The Anatomy of Antiliberalism
by Stephen Holmes
Harvard University Press, 330 pages, $29.95
As the 1990s bring us the recrudescence of many unfulfilled progressive enthusiasms from the 1970s, we may begin to understand that the intervening Reagan decade was indeed an exceptional period of American political and intellectual life. With that rhetorically gifted President setting the cultural tone, public men retreated headlong from programs tainted with “the L-word.” Above the political fray, meanwhile, a diverse band of “communitarians” rigorously challenged liberal political and moral theories. Liberalism was accused of atomizing society into a collection of anomic individuals, and of promoting secularism, materialism, and various other isms understood to be the pathologies of modernity. Indeed, liberalism was found to undermine the conditions necessary for genuine friendship and for the moral life. Surprisingly, unlike the conservatives who originally espoused many of these views, the communitarians were attended to respectfully by many academic spokesmen for liberalism.
Stephen Holmes’ book is a response to this new intellectual strain of arguments against liberalism. The book begins with a series of chapters analyzing what he takes to be a representative sample of “antiliberal” thinkers: the dark genius of the Counter—enlightenment, Joseph de Maistre; Carl Schmitt, the German constitutional theorist implicated in the Third Reich; the German-born Jewish historian of ideas, Leo Strauss; historian Christopher Lasch; Catholic moral philosopher Alasdair MacIntyre; and Roberto Unger, a radical legal theorist at Harvard. Holmes wants to demonstrate that for all their differences, these men belong to a single “antiliberal tradition,” a tradition dangerously wrong in its understanding of political life. His purpose is to vindicate the liberal tradition—from Locke and Montesquieu to Madison and Mill—and refute the erroneous arguments of the antiliberals. Holmes engages his subject intelligently and artfully, but in the end his own attitudes underline the cogency of many elements in the antiliberal argument.
Holmes’ fairness in his account of his antagonists is immediately called into question by his decision to begin with Maistre and Schmitt. For Maistre—one of the greatest stylists in the French language—a veritable anti-Voltaire, could never resist the temptation to epater les bourgeoisie; his writing is filled with provocative, extremist aphorisms. Maistre is also maddeningly complex, with some of his darkest thoughts appearing in works published only after his death. Yet Holmes builds his case primarily on these posthumous works. To claim this singular thinker as the fount of any tradition is dubious in itself. Nor does Holmes ever actually argue that his subjects can be said to have influenced one another; “guilt” is simply inferred from ideological affinity. Schmitt’s prominent place in Holmes’ antiliberal canon, on the other hand, directly confronts us with the suggestion that antiliberalism is essentially linked with fascism. And this takes us to the heart of Holmes’ project.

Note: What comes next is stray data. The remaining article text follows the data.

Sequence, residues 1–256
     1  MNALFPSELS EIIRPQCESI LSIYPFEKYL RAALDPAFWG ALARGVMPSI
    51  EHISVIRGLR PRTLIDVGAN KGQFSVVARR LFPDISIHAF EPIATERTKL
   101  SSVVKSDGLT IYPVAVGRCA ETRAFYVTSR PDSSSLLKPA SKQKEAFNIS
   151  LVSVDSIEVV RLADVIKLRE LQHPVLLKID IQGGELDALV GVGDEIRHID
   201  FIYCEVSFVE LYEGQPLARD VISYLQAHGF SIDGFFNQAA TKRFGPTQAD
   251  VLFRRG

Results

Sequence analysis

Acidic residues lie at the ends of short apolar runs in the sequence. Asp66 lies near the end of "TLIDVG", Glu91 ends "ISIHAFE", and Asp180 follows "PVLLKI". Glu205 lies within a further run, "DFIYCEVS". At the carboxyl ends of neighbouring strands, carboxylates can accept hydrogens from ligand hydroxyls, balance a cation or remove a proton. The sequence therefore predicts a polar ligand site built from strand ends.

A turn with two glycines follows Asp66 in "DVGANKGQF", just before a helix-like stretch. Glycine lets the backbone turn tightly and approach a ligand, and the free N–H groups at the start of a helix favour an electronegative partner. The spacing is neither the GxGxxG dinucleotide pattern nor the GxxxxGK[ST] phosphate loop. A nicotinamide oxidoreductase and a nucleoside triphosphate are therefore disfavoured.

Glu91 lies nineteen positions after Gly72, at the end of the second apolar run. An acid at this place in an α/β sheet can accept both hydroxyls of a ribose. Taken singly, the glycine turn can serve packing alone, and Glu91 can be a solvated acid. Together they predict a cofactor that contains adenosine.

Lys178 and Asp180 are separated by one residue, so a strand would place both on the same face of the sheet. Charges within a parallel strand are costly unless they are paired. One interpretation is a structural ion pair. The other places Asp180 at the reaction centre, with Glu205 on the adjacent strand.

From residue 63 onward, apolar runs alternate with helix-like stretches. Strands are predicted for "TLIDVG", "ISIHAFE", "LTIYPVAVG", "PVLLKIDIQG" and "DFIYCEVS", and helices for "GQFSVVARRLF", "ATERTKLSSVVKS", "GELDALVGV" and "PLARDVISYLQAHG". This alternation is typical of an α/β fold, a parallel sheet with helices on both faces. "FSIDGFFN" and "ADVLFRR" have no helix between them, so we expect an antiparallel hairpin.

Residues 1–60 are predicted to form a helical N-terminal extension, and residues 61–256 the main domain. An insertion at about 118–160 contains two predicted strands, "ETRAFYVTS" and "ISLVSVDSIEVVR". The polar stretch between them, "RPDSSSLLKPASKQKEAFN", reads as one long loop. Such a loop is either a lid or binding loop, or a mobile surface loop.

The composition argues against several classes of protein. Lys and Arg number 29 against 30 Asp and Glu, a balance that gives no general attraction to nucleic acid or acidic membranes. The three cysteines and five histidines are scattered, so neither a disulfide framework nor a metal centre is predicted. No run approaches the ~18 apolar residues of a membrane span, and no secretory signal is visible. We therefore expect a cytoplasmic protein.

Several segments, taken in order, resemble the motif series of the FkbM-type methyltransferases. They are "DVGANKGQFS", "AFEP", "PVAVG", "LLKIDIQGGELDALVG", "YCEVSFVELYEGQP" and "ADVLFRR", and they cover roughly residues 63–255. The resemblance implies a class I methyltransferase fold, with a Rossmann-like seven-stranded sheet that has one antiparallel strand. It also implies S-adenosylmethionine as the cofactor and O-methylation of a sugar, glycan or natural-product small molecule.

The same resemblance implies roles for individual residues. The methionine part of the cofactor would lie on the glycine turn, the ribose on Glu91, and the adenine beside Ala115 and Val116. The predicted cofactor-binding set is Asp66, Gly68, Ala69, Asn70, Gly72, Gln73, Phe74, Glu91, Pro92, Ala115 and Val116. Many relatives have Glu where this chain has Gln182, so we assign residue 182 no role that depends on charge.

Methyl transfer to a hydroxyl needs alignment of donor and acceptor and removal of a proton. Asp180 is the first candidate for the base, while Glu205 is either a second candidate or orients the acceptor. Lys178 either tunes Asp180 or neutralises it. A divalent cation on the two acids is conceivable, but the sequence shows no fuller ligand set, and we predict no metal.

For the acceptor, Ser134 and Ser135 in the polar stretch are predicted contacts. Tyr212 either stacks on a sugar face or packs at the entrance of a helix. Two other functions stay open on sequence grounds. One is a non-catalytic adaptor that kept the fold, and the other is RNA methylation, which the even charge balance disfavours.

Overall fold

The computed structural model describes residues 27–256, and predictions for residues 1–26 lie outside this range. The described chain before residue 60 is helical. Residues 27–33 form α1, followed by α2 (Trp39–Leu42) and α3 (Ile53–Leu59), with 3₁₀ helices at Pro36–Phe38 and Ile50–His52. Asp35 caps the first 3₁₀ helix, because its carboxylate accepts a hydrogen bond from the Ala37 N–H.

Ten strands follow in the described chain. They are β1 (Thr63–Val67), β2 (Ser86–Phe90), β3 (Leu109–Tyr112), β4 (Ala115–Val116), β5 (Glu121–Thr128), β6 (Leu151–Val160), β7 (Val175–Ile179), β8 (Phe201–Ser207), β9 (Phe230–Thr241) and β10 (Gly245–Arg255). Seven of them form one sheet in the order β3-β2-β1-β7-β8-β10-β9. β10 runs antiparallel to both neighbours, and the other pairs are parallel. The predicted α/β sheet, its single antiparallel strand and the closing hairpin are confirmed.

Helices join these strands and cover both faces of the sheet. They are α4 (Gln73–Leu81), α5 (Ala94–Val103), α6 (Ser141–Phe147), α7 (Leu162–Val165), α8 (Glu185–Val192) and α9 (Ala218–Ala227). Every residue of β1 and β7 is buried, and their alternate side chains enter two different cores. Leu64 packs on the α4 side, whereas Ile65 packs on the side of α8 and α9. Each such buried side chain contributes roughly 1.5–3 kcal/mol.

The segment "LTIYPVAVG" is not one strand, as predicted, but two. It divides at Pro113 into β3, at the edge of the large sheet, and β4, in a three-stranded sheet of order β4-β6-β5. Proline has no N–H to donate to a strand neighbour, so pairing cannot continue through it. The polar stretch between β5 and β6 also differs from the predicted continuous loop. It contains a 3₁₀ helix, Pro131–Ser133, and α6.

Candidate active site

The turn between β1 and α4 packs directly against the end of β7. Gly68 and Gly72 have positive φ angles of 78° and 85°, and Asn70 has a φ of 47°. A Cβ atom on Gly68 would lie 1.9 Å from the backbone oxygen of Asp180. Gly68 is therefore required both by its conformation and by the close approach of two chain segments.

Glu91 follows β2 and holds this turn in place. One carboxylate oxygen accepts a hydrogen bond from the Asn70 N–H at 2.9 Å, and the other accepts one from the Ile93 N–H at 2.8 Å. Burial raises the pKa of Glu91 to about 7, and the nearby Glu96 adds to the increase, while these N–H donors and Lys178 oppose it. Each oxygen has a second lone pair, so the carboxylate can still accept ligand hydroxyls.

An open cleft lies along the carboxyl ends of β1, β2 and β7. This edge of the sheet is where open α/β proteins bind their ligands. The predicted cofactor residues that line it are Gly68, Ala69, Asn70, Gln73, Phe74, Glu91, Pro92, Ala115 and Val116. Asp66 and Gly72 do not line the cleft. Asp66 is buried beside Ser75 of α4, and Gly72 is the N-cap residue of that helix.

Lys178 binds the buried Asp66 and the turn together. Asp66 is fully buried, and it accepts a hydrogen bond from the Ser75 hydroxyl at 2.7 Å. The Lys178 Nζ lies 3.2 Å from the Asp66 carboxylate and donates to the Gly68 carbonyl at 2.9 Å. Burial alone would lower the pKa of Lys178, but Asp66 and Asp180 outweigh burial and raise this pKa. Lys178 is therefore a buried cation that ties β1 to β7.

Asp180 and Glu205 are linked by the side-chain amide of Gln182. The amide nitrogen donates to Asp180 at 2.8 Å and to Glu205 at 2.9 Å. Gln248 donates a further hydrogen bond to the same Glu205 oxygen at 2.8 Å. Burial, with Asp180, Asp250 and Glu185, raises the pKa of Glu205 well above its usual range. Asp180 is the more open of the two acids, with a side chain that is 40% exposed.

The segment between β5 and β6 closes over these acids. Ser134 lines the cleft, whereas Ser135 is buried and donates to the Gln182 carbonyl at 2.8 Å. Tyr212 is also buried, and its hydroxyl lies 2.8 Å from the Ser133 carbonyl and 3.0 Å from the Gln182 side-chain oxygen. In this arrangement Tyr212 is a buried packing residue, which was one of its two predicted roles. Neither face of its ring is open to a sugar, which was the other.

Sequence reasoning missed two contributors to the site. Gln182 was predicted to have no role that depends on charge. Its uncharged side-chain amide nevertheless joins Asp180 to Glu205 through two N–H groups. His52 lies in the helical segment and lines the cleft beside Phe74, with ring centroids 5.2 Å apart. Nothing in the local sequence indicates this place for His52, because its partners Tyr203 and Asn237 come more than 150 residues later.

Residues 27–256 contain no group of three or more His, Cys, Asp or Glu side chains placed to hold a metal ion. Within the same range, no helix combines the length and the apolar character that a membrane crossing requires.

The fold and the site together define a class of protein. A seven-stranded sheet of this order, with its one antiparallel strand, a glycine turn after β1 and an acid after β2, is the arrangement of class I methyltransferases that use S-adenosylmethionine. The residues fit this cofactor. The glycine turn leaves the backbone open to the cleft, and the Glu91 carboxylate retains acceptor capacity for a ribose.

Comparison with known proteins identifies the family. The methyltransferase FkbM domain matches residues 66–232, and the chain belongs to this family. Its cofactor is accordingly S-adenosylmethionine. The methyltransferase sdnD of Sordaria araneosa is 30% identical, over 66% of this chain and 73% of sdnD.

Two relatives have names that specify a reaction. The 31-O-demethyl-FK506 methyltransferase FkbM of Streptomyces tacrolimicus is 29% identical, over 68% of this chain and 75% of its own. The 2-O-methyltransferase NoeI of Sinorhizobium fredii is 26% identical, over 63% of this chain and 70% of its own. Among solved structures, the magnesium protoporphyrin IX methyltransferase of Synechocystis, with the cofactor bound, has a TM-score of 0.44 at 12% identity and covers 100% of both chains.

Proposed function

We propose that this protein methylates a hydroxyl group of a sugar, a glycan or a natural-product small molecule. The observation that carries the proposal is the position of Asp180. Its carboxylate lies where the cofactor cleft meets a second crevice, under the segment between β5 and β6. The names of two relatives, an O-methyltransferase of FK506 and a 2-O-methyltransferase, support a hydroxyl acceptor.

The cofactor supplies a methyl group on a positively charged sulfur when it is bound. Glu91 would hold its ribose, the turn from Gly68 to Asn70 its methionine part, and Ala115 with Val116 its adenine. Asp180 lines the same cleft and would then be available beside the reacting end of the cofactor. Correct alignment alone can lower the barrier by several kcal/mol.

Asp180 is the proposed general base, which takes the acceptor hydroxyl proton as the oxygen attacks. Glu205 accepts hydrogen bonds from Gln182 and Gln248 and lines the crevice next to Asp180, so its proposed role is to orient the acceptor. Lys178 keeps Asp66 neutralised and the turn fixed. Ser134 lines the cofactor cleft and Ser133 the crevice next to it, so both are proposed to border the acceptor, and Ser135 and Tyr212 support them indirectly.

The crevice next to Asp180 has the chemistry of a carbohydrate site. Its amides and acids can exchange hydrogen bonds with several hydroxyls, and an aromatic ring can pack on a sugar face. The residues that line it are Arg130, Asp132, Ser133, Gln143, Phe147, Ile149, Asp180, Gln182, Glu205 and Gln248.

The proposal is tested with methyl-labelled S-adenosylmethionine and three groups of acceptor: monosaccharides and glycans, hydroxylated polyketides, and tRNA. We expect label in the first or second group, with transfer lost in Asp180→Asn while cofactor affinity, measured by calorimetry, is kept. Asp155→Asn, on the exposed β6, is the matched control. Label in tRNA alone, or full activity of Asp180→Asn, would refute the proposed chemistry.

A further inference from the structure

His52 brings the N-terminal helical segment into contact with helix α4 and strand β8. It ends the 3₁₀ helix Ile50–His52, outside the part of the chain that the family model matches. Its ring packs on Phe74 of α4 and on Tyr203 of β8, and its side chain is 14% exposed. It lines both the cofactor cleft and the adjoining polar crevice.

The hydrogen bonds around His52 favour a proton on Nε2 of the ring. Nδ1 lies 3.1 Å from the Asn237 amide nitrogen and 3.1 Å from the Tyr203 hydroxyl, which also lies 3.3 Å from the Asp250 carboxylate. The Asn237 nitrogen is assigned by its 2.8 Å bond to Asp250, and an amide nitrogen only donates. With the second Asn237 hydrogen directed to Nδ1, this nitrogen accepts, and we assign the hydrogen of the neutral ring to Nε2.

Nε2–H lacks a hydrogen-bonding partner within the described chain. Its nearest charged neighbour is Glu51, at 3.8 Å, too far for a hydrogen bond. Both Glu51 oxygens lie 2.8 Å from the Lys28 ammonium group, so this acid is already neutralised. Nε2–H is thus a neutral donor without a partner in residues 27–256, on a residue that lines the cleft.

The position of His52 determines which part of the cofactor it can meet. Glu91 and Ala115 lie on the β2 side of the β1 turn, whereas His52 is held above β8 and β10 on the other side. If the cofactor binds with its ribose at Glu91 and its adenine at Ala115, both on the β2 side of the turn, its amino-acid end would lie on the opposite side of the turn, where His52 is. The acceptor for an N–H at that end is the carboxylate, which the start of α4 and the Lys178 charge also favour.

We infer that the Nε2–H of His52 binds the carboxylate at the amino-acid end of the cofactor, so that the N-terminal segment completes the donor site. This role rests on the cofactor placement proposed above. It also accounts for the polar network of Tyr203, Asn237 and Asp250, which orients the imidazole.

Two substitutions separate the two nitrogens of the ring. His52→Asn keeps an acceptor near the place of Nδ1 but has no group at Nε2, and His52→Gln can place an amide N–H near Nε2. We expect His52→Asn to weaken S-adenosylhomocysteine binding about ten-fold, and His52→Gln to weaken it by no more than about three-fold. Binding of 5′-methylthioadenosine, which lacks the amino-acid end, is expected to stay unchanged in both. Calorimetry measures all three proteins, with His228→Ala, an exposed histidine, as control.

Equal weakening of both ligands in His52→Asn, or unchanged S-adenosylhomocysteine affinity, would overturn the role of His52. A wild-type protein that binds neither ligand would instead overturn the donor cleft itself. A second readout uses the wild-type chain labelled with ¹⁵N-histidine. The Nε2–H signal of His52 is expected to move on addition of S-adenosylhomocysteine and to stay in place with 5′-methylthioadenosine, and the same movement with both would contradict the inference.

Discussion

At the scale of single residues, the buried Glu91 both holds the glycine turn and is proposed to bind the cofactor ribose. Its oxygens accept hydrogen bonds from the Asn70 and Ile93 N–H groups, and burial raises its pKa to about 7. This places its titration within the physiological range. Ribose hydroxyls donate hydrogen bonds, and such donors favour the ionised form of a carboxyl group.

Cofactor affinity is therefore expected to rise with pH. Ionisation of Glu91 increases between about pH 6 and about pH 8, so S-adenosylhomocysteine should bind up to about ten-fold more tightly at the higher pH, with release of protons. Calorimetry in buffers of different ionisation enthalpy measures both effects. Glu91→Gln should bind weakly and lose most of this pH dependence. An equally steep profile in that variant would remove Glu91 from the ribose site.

Holmes repeatedly claims he is not trying to identify contemporary antiliberalism—the communitarians—with fascism, but the claim is disingenuous. He does distinguish between “hard” and “soft” antiliberals, but it happens that the three deceased antiliberals he discusses are all “hard” while his three living specimens are all “soft.” Holmes clearly intends to present contemporary critics of liberalism with a great decision: either they recognize that their antiliberalism is so “soft” that it amounts to a mere quibble within liberalism, or they persist in their posture of total critique, in which case they must acknowledge fascism as an elder brother; nothing in between is possible. Since he bears them no ill will, Holmes certainly hopes the communitarians will embrace the former option: liberalism will be all in all. This impulse to what we might call liberal totalism arises from Holmes’ apparent belief that all true antiliberalisms are vicious, and all true virtues are the property of liberalism.